Every start of the season, after a few runs of clearing the cobwebs, I find myself skiing quite well. Then somehow through the season, that feeling slowly but surely dissipates. It happens almost without fail every season. Through shared conversations with other instructors, I’ve discovered that this phenomenon is not unique just to myself. So it brings me to a hypothesis;
Instructors are doing something pre-season that makes us ski better and something else from the start of the season through to mid season that is detrimental to our skiing.
In between seasons, most instructors daydream about skiing. We tend to picture ourselves from the start of the turn, making the body movements (and no, we don’t do that gay sway snowboarders do when making fun of skiers) and imagining the sensations we would be feeling from the snow as we go down a run. In short, we are visualising. A mental process that is largely touted to be incredibly helpful in the learning of any discipline. So after weeks of visualisation, we get to the slopes and it pays off. We’re skiing well even without actually putting a single turn in between seasons.
But from here it all goes downhill (pardon the pun). We go to work and start teaching. We start getting lazy in our skiing. We’re constantly looking over our shoulders to check on students so our shoulders rotate in unison. We do horrible ‘pushy’ hockey stops where our legs start bracing against the snow. We do all that maybe 20 – 100 times a day. Muscle memory builds and our body makes the association that that’s skiing. So whilst teaching, we are repeatedly making bad movements that is damaging our ski technique. We are gaining mileage on poor, technically incorrect movements and are changing our skiing for the worse.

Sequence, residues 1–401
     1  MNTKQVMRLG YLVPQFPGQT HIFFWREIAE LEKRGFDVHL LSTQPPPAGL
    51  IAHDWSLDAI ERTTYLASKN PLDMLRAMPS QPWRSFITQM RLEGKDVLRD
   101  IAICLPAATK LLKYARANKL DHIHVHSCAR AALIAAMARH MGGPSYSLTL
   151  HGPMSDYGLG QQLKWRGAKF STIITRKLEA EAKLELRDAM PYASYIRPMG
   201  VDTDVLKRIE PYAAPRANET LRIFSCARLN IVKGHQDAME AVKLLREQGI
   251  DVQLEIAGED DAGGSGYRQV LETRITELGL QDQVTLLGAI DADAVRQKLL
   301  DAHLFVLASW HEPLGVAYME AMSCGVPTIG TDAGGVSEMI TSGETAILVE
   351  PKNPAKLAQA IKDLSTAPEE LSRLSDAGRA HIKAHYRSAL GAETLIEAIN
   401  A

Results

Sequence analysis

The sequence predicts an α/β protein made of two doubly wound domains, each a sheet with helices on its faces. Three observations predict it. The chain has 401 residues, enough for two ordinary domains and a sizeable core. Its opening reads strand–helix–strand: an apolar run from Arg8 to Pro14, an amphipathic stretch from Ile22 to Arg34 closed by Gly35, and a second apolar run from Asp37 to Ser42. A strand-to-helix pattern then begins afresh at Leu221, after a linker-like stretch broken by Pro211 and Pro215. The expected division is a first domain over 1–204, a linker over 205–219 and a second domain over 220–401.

I’m not proposing that teaching is bad for skiing. I’m saying bad habits while teaching is bad for skiing. After a recognition of this hypothesis, I made a concerted effort to always ski technically correct in my lessons. With only a slight adjustment to lesson organisation and conduct, I’ve found that I’ve managed to remove the damaging effects of being lazy in skiing ie; my skiing doesn’t suck mid season.
|This can effect you as well. Don’t get lazy. On a gentle green or a cat track, I see most skiers relax and get into horrible positions. Stay lazy and that position soon becomes your default position without you realising it. You should be trying to focus on simple but important things instead; looking ahead constantly, keeping your arms up or moving your ankles to play with your balance. Even when instructed, most skiers don’t do it for longer than 5 seconds before they revert to their ‘lazy’ positions. Yet somehow they think just because they know it’s the correct move in their head, they can perform it on demand. If you can’t do it on the flats, forget about being able to do it on steeper terrain.|